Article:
[Chirping] [An American robin sits in its nest.] [A Robin’s nest is a familiar sight…] [..but, have you ever seen a Cliff Swallow nest?] [Two cliff swallows call while sitting in a mud nest. One flies away.] [Cliff Swallows use their bills to gather mud alongside puddles, streams, or lakes.] [Several cliff swallows on the edge of a stream gather mud.] [A cliff swallow in a nest deposits a mud pellet onto the nest. Another swallow flies in with mud in its beak and they trade spots, with the first one flying away. It adds its mud pellet to the nest.] [The finished nest contains about 1000 individual mud pellets.] [Another swallow carefully deposits a mud pellet onto its nest.] [A cliff swallow perches on the edge of its nest.] [All in a day’s work for the “bricklaying” Cliff Swallow.] [The swallow scratches its head with its foot, preens, and calls.] [Explore more at AllAboutBirds.org]End of transcript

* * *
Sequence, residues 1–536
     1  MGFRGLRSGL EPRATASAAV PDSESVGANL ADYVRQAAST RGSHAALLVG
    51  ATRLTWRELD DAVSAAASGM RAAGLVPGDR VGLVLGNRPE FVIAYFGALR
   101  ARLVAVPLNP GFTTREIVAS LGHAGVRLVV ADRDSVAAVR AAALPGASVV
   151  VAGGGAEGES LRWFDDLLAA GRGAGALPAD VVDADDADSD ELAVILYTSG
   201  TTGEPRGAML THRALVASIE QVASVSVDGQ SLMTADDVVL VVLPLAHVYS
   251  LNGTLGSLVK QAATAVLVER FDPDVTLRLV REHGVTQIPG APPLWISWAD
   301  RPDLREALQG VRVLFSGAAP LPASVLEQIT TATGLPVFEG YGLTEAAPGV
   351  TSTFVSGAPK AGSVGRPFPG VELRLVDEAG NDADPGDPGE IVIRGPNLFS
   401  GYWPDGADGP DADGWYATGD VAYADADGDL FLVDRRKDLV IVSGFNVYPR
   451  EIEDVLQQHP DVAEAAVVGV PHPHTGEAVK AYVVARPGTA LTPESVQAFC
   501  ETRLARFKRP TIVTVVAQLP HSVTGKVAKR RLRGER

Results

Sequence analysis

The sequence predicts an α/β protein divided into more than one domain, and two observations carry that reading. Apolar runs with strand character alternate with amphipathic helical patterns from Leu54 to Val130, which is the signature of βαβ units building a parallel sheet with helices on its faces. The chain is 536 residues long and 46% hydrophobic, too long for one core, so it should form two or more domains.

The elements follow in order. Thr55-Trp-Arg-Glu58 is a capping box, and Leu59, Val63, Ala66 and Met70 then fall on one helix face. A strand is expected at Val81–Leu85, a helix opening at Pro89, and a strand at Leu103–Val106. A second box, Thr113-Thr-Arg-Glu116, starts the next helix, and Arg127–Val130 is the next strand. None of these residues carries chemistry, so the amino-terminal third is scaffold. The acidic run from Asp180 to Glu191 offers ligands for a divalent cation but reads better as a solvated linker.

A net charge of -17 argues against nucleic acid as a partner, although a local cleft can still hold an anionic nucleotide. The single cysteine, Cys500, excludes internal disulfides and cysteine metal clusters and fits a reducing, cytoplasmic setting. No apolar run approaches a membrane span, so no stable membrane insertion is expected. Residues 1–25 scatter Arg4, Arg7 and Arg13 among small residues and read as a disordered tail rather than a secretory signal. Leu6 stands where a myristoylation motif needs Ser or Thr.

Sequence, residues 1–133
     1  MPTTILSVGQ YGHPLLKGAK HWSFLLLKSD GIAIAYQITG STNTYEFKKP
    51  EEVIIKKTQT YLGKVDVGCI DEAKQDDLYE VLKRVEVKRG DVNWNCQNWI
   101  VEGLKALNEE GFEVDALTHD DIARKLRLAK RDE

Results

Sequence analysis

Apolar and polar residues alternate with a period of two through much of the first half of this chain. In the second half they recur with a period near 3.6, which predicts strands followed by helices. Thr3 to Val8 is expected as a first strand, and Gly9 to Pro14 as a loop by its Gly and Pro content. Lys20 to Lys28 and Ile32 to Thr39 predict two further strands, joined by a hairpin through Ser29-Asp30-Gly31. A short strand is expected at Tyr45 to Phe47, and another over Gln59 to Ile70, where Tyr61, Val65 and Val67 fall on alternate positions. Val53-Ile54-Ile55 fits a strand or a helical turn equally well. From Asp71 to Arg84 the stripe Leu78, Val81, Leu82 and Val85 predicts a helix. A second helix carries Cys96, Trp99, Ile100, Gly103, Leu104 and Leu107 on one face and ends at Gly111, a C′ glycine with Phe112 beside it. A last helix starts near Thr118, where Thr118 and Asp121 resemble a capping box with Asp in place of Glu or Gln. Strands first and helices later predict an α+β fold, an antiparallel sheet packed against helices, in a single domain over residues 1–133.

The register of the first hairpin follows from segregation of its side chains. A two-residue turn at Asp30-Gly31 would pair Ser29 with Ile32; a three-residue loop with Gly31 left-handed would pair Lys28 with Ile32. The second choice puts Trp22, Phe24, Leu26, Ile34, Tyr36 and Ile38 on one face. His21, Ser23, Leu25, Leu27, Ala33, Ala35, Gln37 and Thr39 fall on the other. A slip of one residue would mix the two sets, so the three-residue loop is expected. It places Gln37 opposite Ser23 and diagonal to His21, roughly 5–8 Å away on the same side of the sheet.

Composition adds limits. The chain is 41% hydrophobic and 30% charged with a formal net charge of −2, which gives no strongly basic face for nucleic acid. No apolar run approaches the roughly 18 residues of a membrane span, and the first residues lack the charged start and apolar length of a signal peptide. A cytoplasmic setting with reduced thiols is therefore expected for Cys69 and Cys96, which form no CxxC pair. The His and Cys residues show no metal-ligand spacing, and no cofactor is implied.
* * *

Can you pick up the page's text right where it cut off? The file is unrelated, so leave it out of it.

Cliff Swallows build their mud nests on cliff faces and other vertical surfaces in colonies containing hundreds, even thousands of other birds. They also build nests in the eaves of buildings. The pair works together, gathering pellets of wet mud in their beaks and laying them down one by one in rows until the structure almost reaches the overhang above. Swallows deposit mud pellets onto the nest with a shaking motion leaving behind well-formed nuggets that bond with the others and harden into a strong nest wall. Technically called an adherent cup, a finished nest contains over 1,000 mud pellets. Cliff Swallows tuck their nests away in corners and make sure that the nest opening is small so the eggs and nestlings are well protected from predators like hawks, owls, snakes, and mammals.